When all that was really hard I sculpted the rag that sits around the horn, and wettened the little marble, pushing and turning it in the bottom of the V-shape, making sure it would not stick to the greenstuff , and making a good and solid place to glue the marble onto, when the greenstuff would be dry. After 10min I smoothed and added some detail to the rag around the horn, and when everything was really hard I glued the marble into place.

S t a f f - B o t t o m P a r t - Like the top part I drilled a little hole into the remaining part of the staff so I could glue a piece of brass wire into it. This part of the staff would be fitted with a blade, so the wand could be used to fend off any opponents in a non-magical way. This blade I made from a strip of plasticard (what else! LOL). I filed and sanded the strip till I has the desired shape (gave the blade 2 edges and made a point on one end, your basic sword shape!), made sure it wat really sharp and smooth (polished it with sandpaper in the final stage with gritt 1000) clipped it to lenght, drilled a hole in the end (NO NOT THE POINTY SIDE!!) of it and glued it onto the piece of brass wire sticking out of the bottom end of my wand. When the glue was dry I took some greenstuff and made a 2mm wide strip out of it, and wrapped it around the section where the blade and staff joined, representing a piece of cloth. After applying a little vasaline onto my sculpting tool I remodelled the cloth a little, smoothening it a bit and made sure no brass wire remained visable.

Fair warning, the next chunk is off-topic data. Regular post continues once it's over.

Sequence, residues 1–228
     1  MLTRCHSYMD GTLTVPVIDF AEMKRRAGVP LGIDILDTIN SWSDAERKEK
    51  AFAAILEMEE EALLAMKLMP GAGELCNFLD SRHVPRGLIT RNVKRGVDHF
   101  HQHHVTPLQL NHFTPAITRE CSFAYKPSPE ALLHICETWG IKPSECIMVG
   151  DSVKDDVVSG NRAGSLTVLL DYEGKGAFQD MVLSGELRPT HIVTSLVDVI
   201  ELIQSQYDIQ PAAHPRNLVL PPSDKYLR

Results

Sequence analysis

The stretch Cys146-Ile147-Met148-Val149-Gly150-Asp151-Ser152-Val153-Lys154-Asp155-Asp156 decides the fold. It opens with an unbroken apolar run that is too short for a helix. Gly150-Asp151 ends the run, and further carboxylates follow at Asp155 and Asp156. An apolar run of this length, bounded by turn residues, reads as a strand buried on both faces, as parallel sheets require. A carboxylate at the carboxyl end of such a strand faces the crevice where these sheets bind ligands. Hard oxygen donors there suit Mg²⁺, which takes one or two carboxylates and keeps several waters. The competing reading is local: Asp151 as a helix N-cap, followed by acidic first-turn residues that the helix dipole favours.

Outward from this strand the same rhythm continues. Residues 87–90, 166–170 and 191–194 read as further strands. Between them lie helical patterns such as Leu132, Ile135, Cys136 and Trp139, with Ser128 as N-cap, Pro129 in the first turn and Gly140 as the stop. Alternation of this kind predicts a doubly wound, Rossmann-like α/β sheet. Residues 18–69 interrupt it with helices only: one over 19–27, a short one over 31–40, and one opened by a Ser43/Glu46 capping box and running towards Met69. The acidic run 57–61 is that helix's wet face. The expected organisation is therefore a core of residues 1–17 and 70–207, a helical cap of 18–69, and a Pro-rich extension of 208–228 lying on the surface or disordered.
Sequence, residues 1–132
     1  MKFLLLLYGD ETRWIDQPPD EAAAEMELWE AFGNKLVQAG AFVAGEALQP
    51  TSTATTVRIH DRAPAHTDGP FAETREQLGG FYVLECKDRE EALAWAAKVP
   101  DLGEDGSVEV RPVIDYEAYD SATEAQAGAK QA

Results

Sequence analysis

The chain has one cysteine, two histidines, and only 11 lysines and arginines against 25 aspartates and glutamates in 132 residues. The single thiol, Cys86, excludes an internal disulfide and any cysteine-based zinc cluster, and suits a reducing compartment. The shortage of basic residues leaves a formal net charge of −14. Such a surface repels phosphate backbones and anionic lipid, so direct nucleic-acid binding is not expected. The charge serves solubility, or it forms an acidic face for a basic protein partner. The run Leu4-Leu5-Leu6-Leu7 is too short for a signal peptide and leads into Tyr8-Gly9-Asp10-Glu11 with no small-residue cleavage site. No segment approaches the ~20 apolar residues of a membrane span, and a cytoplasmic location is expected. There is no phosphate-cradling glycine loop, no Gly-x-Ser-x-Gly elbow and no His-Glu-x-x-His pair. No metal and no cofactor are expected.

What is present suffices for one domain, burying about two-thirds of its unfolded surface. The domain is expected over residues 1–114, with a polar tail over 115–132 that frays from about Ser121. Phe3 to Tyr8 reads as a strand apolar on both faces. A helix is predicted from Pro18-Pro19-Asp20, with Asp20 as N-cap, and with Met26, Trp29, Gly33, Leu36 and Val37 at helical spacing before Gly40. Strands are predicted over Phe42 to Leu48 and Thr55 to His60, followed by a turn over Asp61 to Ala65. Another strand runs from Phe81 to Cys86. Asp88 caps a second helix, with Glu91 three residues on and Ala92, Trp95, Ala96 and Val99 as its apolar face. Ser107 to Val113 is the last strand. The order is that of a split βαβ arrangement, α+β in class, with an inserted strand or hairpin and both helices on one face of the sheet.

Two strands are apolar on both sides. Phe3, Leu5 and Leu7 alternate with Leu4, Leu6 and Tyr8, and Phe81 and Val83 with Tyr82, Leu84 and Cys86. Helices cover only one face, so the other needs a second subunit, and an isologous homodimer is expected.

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Click the thumbnail for a larger view!